“And again, I am lucky, my colleague is having to use her holidays to look after her children while the schools are closed, another colleague has asked for unpaid leave.”

Avila said she was heading to the grocery store after finding the shelves empty the day before.

The Health Ministry’s emergencies coordinator, Fernando Simon, said 2,002 people had tested positive for coronavirus and 47 had died, with half of the cases appearing in Madrid.

He said some hospitals in Madrid were "saturated" and "under stress," but the authorities were solving the uncertainty around a lack of medication.

8:30 a.m. ET, March 11, 2020

CNN's Coronavirus: Fact vs Fiction podcast looks at the history of viral outbreaks

Each day, CNN Chief Medical Correspondent Dr. Sanjay Gupta is breaking down the latest news about the coronavirus on the Coronavirus: Fact vs Fiction podcast.

In the wake of the coronavirus, what lessons can be learned from past viral outbreaks? In today's episode, Gupta turns to Dr. Howard Markel, a professor of historical medicine, for key context.

You can listen to it here.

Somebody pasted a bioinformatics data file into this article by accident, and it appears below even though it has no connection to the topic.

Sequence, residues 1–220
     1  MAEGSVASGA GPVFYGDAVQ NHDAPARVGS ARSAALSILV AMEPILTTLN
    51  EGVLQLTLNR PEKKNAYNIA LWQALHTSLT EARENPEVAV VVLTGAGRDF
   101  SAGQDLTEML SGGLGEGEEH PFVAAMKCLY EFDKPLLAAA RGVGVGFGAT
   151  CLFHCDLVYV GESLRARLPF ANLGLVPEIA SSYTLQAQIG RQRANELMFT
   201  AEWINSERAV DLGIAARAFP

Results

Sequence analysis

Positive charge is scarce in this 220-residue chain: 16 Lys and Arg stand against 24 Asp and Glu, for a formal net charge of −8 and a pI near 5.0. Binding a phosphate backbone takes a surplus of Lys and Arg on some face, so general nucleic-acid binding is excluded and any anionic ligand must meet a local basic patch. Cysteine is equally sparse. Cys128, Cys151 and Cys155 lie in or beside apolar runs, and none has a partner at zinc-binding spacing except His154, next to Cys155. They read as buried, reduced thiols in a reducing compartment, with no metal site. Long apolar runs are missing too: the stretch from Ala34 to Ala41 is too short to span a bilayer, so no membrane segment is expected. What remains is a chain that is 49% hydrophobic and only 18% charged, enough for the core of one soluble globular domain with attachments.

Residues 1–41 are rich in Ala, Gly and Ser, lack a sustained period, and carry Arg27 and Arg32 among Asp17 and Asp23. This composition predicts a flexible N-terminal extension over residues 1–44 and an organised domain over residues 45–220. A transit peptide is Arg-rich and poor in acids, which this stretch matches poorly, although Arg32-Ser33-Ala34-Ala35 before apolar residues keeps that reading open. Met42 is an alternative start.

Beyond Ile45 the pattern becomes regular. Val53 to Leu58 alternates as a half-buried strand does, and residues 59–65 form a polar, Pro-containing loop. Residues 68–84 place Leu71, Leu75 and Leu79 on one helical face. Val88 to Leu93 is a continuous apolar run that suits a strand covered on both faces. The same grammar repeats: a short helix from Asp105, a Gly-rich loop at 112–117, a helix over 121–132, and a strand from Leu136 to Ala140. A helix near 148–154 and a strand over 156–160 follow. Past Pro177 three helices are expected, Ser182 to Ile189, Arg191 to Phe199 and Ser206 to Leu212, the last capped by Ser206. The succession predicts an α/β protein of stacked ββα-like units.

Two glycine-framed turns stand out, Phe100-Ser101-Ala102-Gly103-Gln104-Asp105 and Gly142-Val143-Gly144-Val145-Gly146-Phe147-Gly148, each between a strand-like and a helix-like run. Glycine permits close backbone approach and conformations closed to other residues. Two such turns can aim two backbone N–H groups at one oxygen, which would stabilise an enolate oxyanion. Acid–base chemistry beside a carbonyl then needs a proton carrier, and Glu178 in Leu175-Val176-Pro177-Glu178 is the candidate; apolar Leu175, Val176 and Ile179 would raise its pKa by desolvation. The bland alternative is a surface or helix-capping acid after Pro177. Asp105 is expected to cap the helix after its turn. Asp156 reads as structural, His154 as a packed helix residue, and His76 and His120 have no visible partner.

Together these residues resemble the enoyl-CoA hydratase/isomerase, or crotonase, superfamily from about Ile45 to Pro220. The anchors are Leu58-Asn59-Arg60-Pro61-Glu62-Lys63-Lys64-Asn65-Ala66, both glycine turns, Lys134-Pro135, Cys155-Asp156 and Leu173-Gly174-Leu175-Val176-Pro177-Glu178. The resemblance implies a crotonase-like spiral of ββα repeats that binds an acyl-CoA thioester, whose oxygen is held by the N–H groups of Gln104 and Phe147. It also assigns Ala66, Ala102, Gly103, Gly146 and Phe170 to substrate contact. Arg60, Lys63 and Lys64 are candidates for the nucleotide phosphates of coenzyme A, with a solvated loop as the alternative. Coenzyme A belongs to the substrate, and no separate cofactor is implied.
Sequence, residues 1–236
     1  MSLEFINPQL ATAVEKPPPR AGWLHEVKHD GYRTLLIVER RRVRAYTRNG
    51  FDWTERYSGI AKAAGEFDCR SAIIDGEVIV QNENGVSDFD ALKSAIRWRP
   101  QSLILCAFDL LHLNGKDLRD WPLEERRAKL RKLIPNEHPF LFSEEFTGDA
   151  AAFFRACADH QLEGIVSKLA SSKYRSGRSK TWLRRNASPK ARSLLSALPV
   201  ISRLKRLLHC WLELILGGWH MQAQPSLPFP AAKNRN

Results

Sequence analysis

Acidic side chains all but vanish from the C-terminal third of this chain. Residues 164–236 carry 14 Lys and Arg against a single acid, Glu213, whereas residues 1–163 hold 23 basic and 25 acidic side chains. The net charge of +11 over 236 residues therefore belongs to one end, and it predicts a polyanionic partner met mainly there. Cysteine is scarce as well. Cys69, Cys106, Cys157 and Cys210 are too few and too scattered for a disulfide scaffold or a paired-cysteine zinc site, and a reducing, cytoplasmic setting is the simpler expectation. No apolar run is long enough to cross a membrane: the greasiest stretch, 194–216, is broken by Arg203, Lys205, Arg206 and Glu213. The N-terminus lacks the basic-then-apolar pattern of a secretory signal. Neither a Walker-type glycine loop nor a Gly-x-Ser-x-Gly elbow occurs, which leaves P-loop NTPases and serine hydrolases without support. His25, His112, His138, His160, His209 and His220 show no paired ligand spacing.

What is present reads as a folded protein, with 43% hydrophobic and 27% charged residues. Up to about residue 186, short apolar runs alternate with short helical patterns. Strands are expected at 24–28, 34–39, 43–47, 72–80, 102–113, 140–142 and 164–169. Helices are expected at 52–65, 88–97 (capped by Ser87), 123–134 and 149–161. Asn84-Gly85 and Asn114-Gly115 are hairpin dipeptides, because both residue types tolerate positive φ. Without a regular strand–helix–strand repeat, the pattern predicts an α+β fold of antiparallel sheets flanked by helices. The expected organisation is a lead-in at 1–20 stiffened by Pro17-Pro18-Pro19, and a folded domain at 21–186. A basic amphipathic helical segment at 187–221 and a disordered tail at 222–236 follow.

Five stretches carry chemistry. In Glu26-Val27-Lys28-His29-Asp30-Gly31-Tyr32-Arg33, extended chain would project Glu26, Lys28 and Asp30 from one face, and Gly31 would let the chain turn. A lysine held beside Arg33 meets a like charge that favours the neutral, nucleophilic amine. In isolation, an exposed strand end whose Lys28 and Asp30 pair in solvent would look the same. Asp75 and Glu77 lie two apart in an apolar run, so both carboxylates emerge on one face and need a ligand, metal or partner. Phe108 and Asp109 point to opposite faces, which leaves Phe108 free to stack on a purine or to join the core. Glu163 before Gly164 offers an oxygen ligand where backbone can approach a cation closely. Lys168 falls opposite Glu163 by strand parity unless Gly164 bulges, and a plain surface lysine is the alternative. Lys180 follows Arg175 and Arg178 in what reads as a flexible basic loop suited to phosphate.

8:29 a.m. ET, March 11, 2020

Big West tournament to be played without spectators

From CNN's Wayne Sterling

The Long Beach State and Cal Poly women's basketball teams play in an empty Walter Pyramid arena during the Big West tournament in Long Beach, California on March 10.
The Long Beach State and Cal Poly women's basketball teams play in an empty Walter Pyramid arena during the Big West tournament in Long Beach, California on March 10. Credit: Scott Varley/MediaNews Group/Torrance Daily Breeze/Getty Images

The Big West Conference men’s and women’s basketball tournaments in the US will be played without spectators because of the coronavirus pandemic, the conference announced Tuesday.

The Big West Board of Directors, comprised of the chief executive officers of the nine member universities, strongly feel that this is a prudent way to help slow the spread of the COVID-19 virus while being sensitive to our student-athletes who have pointed towards playing in the tournament all season,” said Big West Commissioner Dennis Farrell. 

He added: “Many of our institutions are developing plans to minimize the interaction of individuals on their campuses that could include the downsizing of events."

The women’s tournament started Tuesday night in Long Beach, California. Both tournaments will be played in Anaheim, California, from Thursday.